(Woman) Yeah.

But what does Lord Bittlesham care?
There he is, comrades.

l tell you, this country won't be a fit place
for honest men to live in

till the blood of Lord Bittlesham
and his kind

runs in rivers
down the gutters of Park Lane!

l know Comrade Little won't mind
me intervening, comrades, to tell you

that our own movement
is also being infiltrated by our enemies.

Even in our own little band,

we have the nephew
of the very same Lord Bittlesham,

whose name you were hooting
a moment ago!

(Gasping) Richard!

Lord Bittlesham's nephew?

You! Get off!

My friends, is this not typical
of the Bolshevik behaviour?

Go on! Go on! Hit him!

Here, my lord.

You swine!

Go on, get him! Get him!

Coming through, gentlemen.
Coming through, gentlemen, please.

- Excuse me.
- Oh! You horrible beasts!

Stop shilly-shallying, man! Get him!

Ha-ha! That's right! Well done!

- l'd drink too if l owned a horse like that.
- No, he's been in a...

Bertie, when we get back to the house,
l must talk to you about The Painting.

The painting?

You! Get off him! And you!


The Garden, by Madeline Bassett.

''ln the garden of my heart,
The blossoms o'erhang the leaves,

''The skylark sings from morn till night
High in the sleepy jacaranda tree.

''But the garden of my heart
ls watered only by my tears

''Under the wise, old, gnarled oak
lnter me when my time appears...''


''And on the mossy stone above,
Carve these words without lament

''She lived, she loved,
She breathed her last

- ''Here lies one who rests in peace.''
- Now, look here, Spode...

Even if you cannot remain awake,
you could at least refrain from snoring.

- Well, yes, but...
- You're a philistine, Wooster.



Oh, blast it.

- Oh, there you are, Jeeves.
- l'm sorry, sir.

- l had to go down to the larder.
- What's that?

- Brown paper, sir, and treacle.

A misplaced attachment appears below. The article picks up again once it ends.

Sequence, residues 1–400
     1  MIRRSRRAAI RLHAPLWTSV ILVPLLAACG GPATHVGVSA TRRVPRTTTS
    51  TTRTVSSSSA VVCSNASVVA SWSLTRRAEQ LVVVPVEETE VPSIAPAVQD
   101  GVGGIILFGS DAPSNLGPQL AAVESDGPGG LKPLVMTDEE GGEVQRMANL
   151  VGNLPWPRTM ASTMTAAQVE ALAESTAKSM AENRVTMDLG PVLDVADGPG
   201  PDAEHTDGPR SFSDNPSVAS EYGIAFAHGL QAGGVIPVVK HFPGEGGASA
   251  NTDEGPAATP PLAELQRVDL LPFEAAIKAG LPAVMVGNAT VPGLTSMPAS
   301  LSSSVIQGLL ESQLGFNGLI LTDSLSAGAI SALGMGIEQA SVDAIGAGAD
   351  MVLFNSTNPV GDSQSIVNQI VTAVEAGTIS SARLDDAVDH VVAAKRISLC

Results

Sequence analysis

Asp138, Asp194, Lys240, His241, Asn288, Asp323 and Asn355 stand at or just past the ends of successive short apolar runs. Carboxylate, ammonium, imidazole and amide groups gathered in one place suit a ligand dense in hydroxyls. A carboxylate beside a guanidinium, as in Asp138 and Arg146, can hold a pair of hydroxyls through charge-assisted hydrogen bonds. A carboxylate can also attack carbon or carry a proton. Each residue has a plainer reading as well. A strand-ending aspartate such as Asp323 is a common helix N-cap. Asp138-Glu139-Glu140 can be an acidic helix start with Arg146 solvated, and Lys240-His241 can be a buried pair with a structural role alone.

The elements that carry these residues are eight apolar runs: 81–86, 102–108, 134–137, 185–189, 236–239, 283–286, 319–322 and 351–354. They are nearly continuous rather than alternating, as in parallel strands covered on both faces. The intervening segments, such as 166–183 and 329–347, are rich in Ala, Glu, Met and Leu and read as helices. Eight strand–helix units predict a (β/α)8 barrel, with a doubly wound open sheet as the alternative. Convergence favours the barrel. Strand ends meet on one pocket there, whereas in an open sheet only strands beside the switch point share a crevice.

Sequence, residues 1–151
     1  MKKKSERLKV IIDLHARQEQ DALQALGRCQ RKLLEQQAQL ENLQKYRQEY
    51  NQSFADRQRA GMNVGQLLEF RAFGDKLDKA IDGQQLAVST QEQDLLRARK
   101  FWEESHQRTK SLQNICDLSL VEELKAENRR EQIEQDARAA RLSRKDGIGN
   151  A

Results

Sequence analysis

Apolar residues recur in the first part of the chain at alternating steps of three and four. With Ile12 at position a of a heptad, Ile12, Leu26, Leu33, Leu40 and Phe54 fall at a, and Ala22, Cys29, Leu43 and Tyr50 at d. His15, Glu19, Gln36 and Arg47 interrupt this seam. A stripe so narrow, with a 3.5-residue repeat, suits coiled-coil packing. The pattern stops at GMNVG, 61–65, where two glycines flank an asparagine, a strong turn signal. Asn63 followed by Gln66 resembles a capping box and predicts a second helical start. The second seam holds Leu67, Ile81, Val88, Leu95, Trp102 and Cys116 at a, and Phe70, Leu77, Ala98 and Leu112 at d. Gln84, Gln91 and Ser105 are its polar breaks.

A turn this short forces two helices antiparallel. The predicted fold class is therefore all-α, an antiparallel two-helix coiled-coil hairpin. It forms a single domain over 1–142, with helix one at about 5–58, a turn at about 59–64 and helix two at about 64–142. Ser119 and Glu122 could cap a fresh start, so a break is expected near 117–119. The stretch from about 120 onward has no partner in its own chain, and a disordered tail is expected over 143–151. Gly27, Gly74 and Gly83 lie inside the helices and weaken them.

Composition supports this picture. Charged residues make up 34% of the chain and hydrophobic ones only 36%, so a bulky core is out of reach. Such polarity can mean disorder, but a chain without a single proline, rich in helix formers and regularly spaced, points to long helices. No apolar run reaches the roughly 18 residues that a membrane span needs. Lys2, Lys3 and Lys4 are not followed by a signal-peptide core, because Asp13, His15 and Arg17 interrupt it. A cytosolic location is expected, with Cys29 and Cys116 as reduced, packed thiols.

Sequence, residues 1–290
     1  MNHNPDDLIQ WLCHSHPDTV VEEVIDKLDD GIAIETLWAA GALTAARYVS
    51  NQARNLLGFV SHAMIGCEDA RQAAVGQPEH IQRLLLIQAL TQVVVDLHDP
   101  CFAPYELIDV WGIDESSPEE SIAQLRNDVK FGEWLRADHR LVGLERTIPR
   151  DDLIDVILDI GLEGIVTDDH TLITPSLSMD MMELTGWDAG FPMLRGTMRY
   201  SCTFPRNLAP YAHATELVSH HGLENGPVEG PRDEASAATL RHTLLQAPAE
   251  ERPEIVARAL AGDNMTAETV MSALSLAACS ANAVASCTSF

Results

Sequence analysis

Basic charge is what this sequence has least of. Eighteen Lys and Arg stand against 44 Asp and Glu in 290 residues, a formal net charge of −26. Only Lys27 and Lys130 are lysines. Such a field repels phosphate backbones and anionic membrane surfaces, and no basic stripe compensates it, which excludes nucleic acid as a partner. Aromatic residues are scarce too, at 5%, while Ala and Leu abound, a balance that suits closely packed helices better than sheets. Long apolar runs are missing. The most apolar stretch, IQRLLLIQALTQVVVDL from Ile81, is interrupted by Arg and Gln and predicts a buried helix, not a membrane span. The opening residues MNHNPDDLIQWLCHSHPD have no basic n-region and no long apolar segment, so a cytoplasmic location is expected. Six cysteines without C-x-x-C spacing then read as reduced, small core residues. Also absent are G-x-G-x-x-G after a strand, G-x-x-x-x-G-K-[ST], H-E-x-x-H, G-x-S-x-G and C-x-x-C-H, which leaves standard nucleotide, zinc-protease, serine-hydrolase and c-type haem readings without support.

- Do you know what puzzles me, Jeeves?

- No, sir.
- How did Comrade Butt know

that Bingo
was old Bittlesham's nephew?

l fear l may have disclosed Mr Little's
identity to Butt in the public house, sir.

Thus scuppering Bingo's romance
with Charlotte Rowbotham.

l fear so, sir.

l understand Miss Rowbotham now
looks on Mr Little as a traitor.

Poor old Bingo. Y...

- Treacle, Jeeves?
- Yes, sir.

The approved method
is to cut a small square of brown paper

equivalent to the pane of glass,
smear it in treacle and then...

- What on earth are you talking about?
- The way to break a window silently.

Who wants to break a window silently?
Or noisily, if it comes to that?

Mrs Travers gave me to understand
that you intended to steal a painting.

Oh, well, let me give you
to understand this, Jeeves.

l have no intention of stealing
any painting with or without treacle.

Very good, sir.
Mrs Travers will be...disappointed, sir.

- Oh, will she? Well...
- (Knocking)

- Are you ready?
- No, l am not, Aunt Dahlia.

l am taking no part
in your harebrained scheme.

l don't know why you're looking
like a stuck pig.

You're always pinching
policemen's helmets and things.

Not always. Only as an occasional treat.

Anyway, pinching a painting
is much easier.

- Just cut it out of the frame with a knife.
- l haven't got a knife.

- Yes, you have.
- Oh, now look here...


Yes, well...

Well, l was er...

Why don't l just pour you a...?

You all right?

- Who on earth is that?
- lt's Mr Fothergill senior, Aunt Dahlia.

Don't tell me you've messed up.

lf l might put him down
before l submit to your interrogation...?

- What does he want?
- l think he wanted to ask,

not unreasonably, why l was in his
dining room at one in the morning

- covered in treacle.
- But you didn't tell him?

No, Aunt Dahlia, l didn't tell him
l was hellbent on stealing his painting

in order that his son might be cured
of chronic dyspepsia

so that his daughter-in-law
would allow my aunt

to publish said daughter-in-law's
latest novel in her magazine for ladies.

For one thing,
l didn't think he'd believe me,

and for another thing,
he'd already fainted.

He's messed it up again, Jeeves.
He's as bad at this as he is at racing tips.

- Well, of all the dashed nerve!
- You don't know what this means to me!

Well, you don't know
what it means to me.

Call me old-fashioned, but l hate bars
on the window and tin plates.

You go and get that painting,
Bertie Wooster!

lf you think l'll get involved with treacle
again, you've got another think coming.

All right, Bertie,
you don't have to use the treacle.

- Does he, Jeeves?
- lt would lend verisimilitude.

He doesn't have to use the treacle,

He doesn't have to do
anything he doesn't want to.


You got it! He's out cold.
Give me the scissors.

(Aunt Dahlia) You hold, l'll cut.